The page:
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Certain defined benefit income streams are subject to commutation restrictions and from 1 July 2017, they are to be referred to as ‘capped defined benefit income streams’.
This article is for educational purposes only and is no longer available for CPD hours.
The new $1.6 million transfer balance cap is often described in terms of a cap applying to account based pensions, however, it relates to all retirement pensions, including non-commutable fixed term and lifetime defined benefit income streams. These income streams include those paid from SMSFs, corporate super schemes and government schemes.
To ensure that clients with these income streams experience similar tax concessions to traditional pensions, special valuation rules apply when calculating whether the client has an excess transfer balance, as measured against the $1.6 million general transfer balance cap.
Special rules also ensure that a client cannot have an excess transfer balance if the excess is attributable to these defined benefit income streams. Instead, the rules impose additional PAYG tax on income above a certain limit to ensure different super schemes are subject to broadly commensurate tax concessions.
Types of capped defined benefit income streams
There are two categories of defined benefit income streams:
Lifetime income stream (commenced at any time)
Lifetime pensions are often provided to Commonwealth, State and Territory public office holders, and military and civilian employees. Most of these schemes are closed to new members. However, existing members are entitled to receive pensions in the future. The extension of the rules to these pensions reflects the fact that while the client’s pension may not have started before the application of these amendments, their pension is part of a long-standing arrangement to which there is an existing legal entitlement.
Term income stream (commenced before 1 July 2017)
Life expectancy and market-linked products are collectively referred to as term pensions and term annuities.
There are special rules to determine the value of a defined benefit income stream applying to a client’s transfer balance account. The rules in Table 1 apply to these types of defined benefit income streams.
Income streams (non-commutable)
Special value of credit applied to transfer balance account
Lifetime income streams (purchased at any time)
Annual entitlement x 16
Life expectancy income streams (purchased before 1 July 2017)
Annual entitlement x remaining term
Term allocated pensions referred to as market-linked income streams (purchased before 1 July 2017)
Annual entitlement x remaining term
The special value credit applies to a client’s transfer balance account and is also used to determine a client’s eligibility in relation to other areas of the law, for example, making catch-up concessional contributions.
Lifetime pensions and annuities that are capped defined benefit income streams are valued by multiplying the annual entitlement by a factor of 16. This means that a defined benefit pension that pays $100,000 per year would fully exhaust the $1.6 million transfer balance cap in the 2017/18 financial year. The single factor of 16 is used regardless of the client’s age, gender, earnings on their assets, or the rates that can be drawn down.
Meanwhile, term pensions and term annuities are valued according to the superannuation income stream’s annual entitlement multiplied by the number of years, rounded up to the nearest whole number, remaining on the term of the product.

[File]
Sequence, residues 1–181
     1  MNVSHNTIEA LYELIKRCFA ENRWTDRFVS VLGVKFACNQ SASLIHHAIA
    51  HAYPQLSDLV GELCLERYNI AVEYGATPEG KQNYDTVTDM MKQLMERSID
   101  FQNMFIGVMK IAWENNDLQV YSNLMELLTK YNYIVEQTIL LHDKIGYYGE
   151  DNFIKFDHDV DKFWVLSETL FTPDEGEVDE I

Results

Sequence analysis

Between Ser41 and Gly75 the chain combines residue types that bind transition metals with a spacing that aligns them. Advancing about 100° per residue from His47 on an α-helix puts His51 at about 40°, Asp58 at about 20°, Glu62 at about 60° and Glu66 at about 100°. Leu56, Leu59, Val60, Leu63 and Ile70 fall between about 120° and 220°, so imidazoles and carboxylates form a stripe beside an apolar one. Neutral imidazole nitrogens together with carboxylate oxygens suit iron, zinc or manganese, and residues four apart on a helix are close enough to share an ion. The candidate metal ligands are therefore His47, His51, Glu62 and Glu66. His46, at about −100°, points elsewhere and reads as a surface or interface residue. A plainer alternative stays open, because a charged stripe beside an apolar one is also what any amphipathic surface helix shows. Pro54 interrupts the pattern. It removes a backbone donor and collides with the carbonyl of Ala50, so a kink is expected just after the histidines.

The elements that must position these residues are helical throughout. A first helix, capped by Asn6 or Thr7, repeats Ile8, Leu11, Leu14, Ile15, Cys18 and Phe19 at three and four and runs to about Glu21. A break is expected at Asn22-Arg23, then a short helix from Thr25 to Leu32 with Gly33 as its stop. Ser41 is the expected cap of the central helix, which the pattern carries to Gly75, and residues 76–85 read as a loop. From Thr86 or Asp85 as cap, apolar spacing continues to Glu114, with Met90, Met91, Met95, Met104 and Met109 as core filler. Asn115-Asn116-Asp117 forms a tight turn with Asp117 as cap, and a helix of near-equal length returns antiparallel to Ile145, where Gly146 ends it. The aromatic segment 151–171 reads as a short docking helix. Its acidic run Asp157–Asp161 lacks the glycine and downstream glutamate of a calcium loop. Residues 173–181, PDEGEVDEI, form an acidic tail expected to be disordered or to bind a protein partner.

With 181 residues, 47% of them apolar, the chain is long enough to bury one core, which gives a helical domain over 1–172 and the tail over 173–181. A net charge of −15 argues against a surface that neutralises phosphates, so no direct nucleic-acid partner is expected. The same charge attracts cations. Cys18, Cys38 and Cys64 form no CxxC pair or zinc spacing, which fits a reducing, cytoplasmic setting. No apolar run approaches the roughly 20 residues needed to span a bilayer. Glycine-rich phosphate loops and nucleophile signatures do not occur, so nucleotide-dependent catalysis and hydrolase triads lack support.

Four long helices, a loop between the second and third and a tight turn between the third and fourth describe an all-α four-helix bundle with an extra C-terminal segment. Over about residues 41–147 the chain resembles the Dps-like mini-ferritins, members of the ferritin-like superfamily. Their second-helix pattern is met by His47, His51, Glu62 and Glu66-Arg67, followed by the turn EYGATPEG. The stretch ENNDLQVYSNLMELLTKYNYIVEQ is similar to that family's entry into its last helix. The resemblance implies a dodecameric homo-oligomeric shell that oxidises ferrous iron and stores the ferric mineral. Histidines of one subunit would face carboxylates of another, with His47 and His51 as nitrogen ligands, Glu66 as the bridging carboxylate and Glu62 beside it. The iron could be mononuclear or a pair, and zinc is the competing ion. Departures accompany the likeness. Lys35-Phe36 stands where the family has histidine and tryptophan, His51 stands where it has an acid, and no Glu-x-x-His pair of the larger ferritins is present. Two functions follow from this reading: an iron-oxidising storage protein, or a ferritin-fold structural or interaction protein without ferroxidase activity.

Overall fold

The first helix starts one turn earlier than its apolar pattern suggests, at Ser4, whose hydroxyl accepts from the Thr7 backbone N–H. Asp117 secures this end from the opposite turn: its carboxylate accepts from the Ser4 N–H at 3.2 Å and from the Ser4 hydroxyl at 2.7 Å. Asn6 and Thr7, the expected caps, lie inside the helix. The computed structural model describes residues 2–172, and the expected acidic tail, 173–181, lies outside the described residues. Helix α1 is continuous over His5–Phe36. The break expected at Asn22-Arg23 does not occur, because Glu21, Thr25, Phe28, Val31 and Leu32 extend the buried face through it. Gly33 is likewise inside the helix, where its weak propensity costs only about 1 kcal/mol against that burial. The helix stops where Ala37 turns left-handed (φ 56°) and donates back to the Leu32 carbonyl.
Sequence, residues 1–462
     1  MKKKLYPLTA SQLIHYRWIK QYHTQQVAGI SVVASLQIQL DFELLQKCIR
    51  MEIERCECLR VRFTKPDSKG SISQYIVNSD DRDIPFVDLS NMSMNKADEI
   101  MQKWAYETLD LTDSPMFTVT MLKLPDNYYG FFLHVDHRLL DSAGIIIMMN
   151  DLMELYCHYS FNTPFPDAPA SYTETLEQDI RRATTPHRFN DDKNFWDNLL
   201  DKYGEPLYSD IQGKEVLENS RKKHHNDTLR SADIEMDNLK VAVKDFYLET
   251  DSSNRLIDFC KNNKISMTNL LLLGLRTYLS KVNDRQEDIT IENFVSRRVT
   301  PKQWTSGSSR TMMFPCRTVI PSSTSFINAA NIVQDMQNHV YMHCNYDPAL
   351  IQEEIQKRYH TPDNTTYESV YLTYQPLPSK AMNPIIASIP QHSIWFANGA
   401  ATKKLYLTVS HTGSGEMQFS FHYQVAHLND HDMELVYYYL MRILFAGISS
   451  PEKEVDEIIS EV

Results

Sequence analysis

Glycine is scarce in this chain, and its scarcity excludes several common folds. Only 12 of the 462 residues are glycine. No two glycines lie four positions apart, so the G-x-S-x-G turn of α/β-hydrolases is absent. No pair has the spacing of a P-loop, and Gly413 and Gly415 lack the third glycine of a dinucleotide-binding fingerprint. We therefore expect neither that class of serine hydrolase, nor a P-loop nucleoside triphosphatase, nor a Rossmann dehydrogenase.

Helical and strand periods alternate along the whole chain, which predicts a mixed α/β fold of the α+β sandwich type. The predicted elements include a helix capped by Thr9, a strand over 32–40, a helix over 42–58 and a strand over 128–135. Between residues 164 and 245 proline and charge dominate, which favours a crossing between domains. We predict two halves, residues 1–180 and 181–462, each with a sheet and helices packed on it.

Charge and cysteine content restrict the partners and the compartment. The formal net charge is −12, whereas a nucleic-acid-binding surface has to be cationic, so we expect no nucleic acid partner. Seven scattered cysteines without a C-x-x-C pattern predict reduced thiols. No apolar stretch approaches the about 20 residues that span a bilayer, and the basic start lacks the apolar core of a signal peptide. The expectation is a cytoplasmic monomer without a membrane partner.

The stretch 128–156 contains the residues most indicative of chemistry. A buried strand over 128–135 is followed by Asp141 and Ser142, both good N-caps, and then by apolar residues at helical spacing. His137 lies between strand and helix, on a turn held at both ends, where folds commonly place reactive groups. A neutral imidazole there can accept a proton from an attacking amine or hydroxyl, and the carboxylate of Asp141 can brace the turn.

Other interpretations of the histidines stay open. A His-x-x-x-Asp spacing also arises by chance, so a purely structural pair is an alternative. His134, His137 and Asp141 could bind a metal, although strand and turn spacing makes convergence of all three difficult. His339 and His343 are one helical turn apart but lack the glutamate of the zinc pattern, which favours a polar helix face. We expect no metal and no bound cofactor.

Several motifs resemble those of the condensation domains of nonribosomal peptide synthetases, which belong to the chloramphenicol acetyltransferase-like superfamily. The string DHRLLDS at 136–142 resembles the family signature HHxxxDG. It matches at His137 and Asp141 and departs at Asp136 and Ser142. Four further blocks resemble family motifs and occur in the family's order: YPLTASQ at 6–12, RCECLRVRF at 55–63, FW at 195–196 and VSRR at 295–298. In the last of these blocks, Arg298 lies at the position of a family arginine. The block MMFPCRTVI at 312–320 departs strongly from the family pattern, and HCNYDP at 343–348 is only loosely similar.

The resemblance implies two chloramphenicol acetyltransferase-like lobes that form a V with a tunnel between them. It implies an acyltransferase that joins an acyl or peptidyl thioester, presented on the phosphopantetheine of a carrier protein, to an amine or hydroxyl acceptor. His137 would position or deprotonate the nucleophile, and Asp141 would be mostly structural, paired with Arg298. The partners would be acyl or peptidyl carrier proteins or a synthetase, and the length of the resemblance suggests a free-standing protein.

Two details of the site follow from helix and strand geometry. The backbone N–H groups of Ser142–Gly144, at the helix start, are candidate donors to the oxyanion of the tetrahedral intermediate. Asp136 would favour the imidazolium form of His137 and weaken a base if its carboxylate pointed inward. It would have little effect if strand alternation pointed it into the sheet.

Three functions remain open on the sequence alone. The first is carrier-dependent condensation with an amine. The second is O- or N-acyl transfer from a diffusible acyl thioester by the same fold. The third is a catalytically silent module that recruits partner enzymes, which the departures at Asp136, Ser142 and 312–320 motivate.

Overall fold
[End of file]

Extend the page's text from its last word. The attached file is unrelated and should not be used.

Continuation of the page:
The annual entitlement is calculated by annualising the first payment the client is entitled to receive after the valuation is required.
The formula to calculate the annualised entitlement is: Annual entitlement = (first payment / days in period) x 365
The first payment is annualised based on the number of days in the period to which the payment refers.
Example 1: Valuation of a lifetime defined benefit pension
On 1 July 2017, Sarah receives a lifetime pension. Under the terms of the pension, Sarah is entitled to receive $2,000 every fortnight. Her annual entitlement is worked out as follows: $2,000 / 14 × 365 = $52,142.86.
Applying the multiplication factor of 16, Sarah’s pension has a special value of $834,285.71. A credit arises in Sarah’s transfer balance account for this amount. Subsequent increases to the income stream benefit relative to the first payment owing to indexation do not have an effect on the calculation of the annual entitlement.
Example 2: Valuation of a term defined benefit pension (purchased before 1 July 2017)
Steve purchases a market-linked pension in January 2017. The term of the pension is five years. At 30 June 2017, the pension has an annual entitlement of $100,000. The remaining term is rounded up to five years. The pension has a special value of $500,000.
Determining the excess
How do you determine the excess when there is a capped defined benefit income stream?
When a client has a capped defined benefit income stream, they will have a separate special balance, which is called the ‘capped defined benefit balance’. This capped defined benefit balance is a sub-account of the client’s ‘transfer balance account’ and reflects the net amount of capital a client has transferred to the retirement phase in respect of capped defined benefit income streams.
No upper cap applies to the capped defined benefit balance, which means clients cannot have an excess transfer balance to the extent the excess is attributable to these defined benefit income streams.
However, in calculating whether clients may have an excess for the purpose of the pension cap, the excess is calculated as the lesser of the amount that exceeds both:
the personal transfer balance cap; and
the capped defined benefit balance.
There is an excess when the client has exceeded both of these caps.
Example: Excess benefits
On 1 July 2017, Peggy starts to receive a lifetime pension with a special value of $2 million. The amount of $2 million is credited to Peggy’s transfer balance account and to her capped defined benefit balance.
Although Peggy’s transfer balance exceeds her $1.6 million transfer balance, Peggy does not have an excess transfer balance because the excess is entirely attributable to her capped defined benefit income stream.
Peggy is not required to reduce her retirement phase interests.
On 1 December 2017, Peggy purchases an account based income stream for $300,000, this is in addition to her capped defined benefit income stream. The amount of $300,000 is credited to Peggy’s transfer balance account, which now increases to $2.3 million.
In Peggy’s case, she exceeds both:
her normal pension transfer balance account by $700,000 ($2.3 million less $1.6 million); and
her separate capped defined benefit balance by $300,000 ($2.3 million less $2 million that relates to her capped defined benefit pension).
As the lesser of these amounts is $300,000, Peggy’s excess is $300,000 and not $700,000. Peggy will be forced to commute $300,000 from the account based income stream back to accumulation or as a lump sum out of the superannuationsystem. She will be subject to excess transfer balance tax until she commutes the excess amount.